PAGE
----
Moving on from the cost of exit

Tomorrow, the Prime Minister travels to Florence to make a much trailed speech that aims to break the current impasse in the Brexit negotiations. Until we hear what she has to say, we don’t know whether it will be the game changer that many are hoping for. Expectations are currently high, especially given the EU Summit next month which will determine if sufficient progress has been made on the key withdrawal issues to allow talks on the future relationship between the UK and the EU to start.

The most contentious issue appears to be the so-called divorce bill. In the scenarios outlined in our paper, Analysing the EU Exit Charge, we put the net figure at between £5 billion and £30 billion when rebates and spending returned to the UK are taken into account. A transparent discussion on methodology, such as the one we use, will be key to finding agreement on the financial elements of the withdrawal and of any transitional arrangements.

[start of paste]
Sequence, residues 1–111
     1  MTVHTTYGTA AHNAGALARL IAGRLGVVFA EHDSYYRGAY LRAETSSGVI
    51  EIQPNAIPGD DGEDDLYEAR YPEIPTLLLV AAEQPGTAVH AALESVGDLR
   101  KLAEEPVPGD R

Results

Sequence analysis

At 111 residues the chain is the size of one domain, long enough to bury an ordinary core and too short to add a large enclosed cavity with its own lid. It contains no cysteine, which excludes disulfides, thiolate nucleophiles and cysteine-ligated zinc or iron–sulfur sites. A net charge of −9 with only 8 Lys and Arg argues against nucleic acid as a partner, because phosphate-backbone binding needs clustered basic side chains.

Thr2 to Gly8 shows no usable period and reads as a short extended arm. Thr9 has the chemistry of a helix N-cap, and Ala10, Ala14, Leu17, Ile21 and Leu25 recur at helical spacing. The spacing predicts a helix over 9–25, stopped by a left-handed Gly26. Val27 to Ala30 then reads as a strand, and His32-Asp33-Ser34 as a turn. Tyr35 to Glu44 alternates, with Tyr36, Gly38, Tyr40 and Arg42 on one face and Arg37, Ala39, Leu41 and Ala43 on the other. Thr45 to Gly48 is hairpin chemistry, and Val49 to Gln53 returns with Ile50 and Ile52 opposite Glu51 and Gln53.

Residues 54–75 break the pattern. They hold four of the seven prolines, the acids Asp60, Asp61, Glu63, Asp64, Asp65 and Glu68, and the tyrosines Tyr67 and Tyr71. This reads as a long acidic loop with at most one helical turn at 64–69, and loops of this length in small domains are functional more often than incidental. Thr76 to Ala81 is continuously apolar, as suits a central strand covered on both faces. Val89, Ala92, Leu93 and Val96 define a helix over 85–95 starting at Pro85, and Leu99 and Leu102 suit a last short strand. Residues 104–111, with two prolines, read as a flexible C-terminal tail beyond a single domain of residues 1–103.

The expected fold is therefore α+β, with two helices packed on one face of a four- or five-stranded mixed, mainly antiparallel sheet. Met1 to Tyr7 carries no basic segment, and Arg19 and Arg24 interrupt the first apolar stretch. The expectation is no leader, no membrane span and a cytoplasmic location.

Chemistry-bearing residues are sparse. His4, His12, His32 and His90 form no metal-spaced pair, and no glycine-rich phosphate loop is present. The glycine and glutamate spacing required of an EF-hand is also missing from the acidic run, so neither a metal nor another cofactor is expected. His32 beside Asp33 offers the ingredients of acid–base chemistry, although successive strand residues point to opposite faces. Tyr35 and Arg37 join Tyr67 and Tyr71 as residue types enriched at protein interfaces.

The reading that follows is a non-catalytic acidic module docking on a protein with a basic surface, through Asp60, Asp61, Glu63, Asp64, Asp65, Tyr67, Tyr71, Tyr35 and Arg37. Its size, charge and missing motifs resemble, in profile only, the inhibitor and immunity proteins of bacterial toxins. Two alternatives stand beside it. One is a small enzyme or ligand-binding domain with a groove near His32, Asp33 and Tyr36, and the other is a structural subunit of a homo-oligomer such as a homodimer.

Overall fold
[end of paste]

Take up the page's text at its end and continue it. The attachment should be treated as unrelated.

In recent weeks, members have told us that what they would like to see most from the Prime Minister and her government is leadership and a clear vision for the UK. That is what is needed from the Florence speech – the Prime Minister moving beyond settling accounts and other withdrawal issues to the UK’s future relationship with the EU.

By seizing this opportunity, we could avoid a looming crisis of confidence for business that could create long term damage to the UK economy. It will deliver a degree of certainty to investors and the wider business community, reassuring them of the UK’s commitment to being a trusted partner in a world of strong economies.

Against this backdrop, the figures which are being talked about as a potential offer by the Prime Minister to settle the UK’s liabilities and maintain our membership of the single market through a transition period seem fair and reasonable compared to the value of the economic relationship between the UK and the EU27.

More importantly, in my view, it is a price worth paying when the long term cost to the UK economy of not reaching a quick agreement could be significantly more.

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